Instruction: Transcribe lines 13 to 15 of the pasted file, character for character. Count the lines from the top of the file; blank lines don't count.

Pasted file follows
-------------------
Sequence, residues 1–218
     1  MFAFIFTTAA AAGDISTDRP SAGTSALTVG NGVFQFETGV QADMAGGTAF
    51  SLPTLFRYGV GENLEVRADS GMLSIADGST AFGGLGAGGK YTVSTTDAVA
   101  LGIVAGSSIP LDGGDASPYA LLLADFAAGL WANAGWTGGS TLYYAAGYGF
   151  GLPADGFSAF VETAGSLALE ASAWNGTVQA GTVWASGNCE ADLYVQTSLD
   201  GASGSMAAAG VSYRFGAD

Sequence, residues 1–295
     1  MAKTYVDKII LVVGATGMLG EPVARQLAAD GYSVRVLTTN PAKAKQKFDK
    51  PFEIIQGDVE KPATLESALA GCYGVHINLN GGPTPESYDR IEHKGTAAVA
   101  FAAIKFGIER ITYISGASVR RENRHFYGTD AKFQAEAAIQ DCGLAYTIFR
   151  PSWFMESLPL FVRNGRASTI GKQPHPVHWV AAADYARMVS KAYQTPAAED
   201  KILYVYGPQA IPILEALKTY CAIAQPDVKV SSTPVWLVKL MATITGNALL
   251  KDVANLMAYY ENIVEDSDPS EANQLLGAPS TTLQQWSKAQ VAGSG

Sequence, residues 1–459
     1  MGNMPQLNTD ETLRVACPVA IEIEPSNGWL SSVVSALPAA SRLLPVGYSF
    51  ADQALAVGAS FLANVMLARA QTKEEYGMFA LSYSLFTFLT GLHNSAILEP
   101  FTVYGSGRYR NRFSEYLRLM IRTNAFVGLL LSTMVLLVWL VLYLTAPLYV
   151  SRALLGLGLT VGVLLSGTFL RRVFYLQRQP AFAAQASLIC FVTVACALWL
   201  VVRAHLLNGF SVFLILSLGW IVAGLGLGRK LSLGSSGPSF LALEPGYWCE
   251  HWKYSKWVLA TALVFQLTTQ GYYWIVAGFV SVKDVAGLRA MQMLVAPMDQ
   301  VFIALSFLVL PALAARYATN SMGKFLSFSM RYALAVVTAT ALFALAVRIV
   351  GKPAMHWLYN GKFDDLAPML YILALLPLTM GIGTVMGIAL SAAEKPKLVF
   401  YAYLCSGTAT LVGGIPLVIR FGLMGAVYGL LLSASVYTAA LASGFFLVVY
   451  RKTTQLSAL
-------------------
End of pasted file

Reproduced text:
   251  KDVANLMAYY ENIVEDSDPS EANQLLGAPS TTLQQWSKAQ VAGSG

Sequence, residues 1–459
     1  MGNMPQLNTD ETLRVACPVA IEIEPSNGWL SSVVSALPAA SRLLPVGYSF